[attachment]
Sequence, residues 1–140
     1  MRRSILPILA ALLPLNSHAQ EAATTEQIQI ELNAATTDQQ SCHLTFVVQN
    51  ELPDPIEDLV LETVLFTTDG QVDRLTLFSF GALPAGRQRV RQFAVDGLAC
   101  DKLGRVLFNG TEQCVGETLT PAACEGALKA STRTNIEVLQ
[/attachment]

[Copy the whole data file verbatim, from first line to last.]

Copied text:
Sequence, residues 1–140
     1  MRRSILPILA ALLPLNSHAQ EAATTEQIQI ELNAATTDQQ SCHLTFVVQN
    51  ELPDPIEDLV LETVLFTTDG QVDRLTLFSF GALPAGRQRV RQFAVDGLAC
   101  DKLGRVLFNG TEQCVGETLT PAACEGALKA STRTNIEVLQ